This Court has relied on and affirmed the test from Palmer v. The Queen,  1 S.C.R. 759, at p. 775, as the proper test for assessing the admissibility of fresh evidence on appeal: see R.P. v. R.C., 2011 SCC 65,  3 S.C.R. 819, at para. 50; May v. Ferndale Institution, 2005 SCC 82,  3 S.C.R. 809, at para. 107; United States of America v. Shulman, 2001 SCC 21,  1 S.C.R. 616, at paras. 43‑44; Public School Boards’ Assn. of Alberta v. Alberta (Attorney General), 2000 SCC 2,  1 S.C.R. 44; R. v. Warsing,  3 S.C.R. 579.
For fresh evidence to be admitted, the Palmer test requires consideration of the following four factors:
- (1) The evidence should generally not be admitted if, by due diligence, it could have been adduced at trial provided that this general principle will not be applied as strictly in a criminal case as in civil cases . . . .
- (2) The evidence must be relevant in the sense that it bears upon a decisive or potentially decisive issue in the trial.
- (3) The evidence must be credible in the sense that it is reasonably capable of belief, and
- (4) It must be such that if believed it could reasonably, when taken with the other evidence adduced at trial, be expected to have affected the result. [p. 775]
In Pointes Protection, this Court expressly contemplates the “potentiality of future evidence arising”: para. 37. This is based on the expedited nature of s. 137.1 motions, which are required to be heard in a statutorily imposed short time frame. That is exemplified in this case, where Dr. Platnick had to submit his evidentiary record within 25 days after the notice of motion was filed. In this sense, as recognized in Pointes Protection, s. 137.1 motions are unlike summary judgment motions, where parties are expected to put their best foot forward; in other words, on a s. 137.1 motion, it is acknowledged that parties are under a mandated time constraint and are consequently limited in the evidentiary record they can put forward.
This does not, however, give parties carte blanche to file motions to adduce fresh evidence. Palmer must be adhered to, and for this reason, as I note below, I would not admit all of the fresh evidence. It is important to note here, however, that this case is a transitional one: the considerable uncertainty surrounding s. 137.1 motions — due to a lack of judicial guidance with respect to both the test for withstanding a s. 137.1 motion, as well as the nature or comprehensiveness of the evidence required on a such a motion — militates in favour of granting this particular motion to adduce fresh evidence in part.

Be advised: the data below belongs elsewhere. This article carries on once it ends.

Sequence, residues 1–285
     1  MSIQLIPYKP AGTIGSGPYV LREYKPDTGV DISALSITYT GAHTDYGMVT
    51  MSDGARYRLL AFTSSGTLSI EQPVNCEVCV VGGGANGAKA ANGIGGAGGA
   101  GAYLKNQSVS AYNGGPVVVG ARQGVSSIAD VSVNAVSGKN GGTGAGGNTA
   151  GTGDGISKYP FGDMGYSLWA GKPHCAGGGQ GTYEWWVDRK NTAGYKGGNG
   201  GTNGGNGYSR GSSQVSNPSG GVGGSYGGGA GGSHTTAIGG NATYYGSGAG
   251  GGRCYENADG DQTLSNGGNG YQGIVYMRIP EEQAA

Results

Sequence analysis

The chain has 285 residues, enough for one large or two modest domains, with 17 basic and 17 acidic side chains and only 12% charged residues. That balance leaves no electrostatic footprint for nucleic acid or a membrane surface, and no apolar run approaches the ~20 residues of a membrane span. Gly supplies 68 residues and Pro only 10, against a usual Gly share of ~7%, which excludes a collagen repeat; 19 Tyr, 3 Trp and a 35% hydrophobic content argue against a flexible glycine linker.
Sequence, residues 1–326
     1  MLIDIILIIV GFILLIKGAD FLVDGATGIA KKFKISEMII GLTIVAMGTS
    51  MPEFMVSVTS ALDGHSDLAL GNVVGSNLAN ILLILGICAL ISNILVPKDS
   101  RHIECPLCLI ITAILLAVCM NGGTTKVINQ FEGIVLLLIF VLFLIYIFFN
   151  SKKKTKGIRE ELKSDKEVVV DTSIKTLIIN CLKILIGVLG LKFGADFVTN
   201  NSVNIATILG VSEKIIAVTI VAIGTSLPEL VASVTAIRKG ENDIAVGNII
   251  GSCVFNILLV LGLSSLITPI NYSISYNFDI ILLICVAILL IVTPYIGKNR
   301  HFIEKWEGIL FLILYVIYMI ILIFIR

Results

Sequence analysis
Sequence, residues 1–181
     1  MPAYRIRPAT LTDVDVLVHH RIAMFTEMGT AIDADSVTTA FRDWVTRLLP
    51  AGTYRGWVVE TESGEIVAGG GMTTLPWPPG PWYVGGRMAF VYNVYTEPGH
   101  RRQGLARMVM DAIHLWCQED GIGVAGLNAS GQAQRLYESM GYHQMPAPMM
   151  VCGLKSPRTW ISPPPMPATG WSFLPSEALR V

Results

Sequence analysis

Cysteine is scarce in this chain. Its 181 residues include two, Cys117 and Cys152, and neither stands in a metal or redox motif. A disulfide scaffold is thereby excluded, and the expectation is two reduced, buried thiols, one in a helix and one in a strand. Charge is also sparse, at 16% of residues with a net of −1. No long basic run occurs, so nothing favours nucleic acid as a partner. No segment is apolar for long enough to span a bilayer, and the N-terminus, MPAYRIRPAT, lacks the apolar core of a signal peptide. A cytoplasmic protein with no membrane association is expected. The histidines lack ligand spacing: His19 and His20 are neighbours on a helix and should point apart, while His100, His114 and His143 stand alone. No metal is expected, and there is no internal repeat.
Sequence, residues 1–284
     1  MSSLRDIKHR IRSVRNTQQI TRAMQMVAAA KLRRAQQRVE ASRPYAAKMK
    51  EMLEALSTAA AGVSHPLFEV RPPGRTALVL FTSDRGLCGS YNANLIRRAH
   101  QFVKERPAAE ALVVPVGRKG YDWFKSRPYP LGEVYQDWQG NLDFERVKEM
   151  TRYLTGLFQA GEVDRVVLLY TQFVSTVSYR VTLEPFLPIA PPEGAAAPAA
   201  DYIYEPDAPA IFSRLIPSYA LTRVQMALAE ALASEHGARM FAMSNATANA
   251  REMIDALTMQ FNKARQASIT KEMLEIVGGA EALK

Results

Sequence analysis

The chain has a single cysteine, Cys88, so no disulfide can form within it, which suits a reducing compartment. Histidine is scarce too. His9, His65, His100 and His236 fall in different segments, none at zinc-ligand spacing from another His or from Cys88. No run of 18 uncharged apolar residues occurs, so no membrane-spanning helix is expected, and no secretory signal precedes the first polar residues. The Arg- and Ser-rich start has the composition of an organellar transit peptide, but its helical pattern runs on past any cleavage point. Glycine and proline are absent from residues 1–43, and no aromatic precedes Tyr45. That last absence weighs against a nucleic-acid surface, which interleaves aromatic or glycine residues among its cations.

Accordingly, I would admit both the Dua Letter (Exhibit B) and the KMI Letters (Exhibits N and R), and I would decline to admit the rest of the evidence that Dr. Platnick included with his motion. Below, I briefly explain why I would specifically admit the Dua Letter and the KMI Letters in light of Palmer. I find that the other evidence is either not relevant to the decisive issues in these appeals or is non-probative; therefore, I need not elaborate any further on its exclusion.
Before concluding, I hasten to clarify that the motion judge’s assessment of Dr. Platnick’s fresh evidence in Platnick v. Bent (No. 2) (his decision addressing the admissibility of some of this evidence) is not entitled to deference here. Quite simply, the motion judge decided the motion for fresh evidence on the basis of an incorrect understanding of the nature of a s. 137.1 motion, as explained by this Court in Pointes Protection. Accordingly, to the extent that his assessment of the evidence was dependent on an incorrect understanding of s. 137.1, it is not entitled to deference. Even if it were, however, as I indicated above, his assessment was, with respect, in error.
Thus, for all the foregoing reasons, I would admit the Dua Letter and the KMI Letters, as all of them satisfy the Palmer criteria for granting a motion to adduce fresh evidence. I will discuss these pieces of evidence at greater length in the reasons that follow.
As these reasons have established, while Ms. Bent successfully meets her threshold burden under s. 137.1(3), Dr. Platnick successfully clears both the merits-based hurdle and the public interest hurdle under s. 137.1(4)(a) and s. 137.1(4)(b), respectively. For these reasons, I would dismiss Ms. Bent’s s. 137.1 motion and allow Dr. Platnick’s lawsuit in defamation against Ms. Bent and Lerners to proceed to trial.”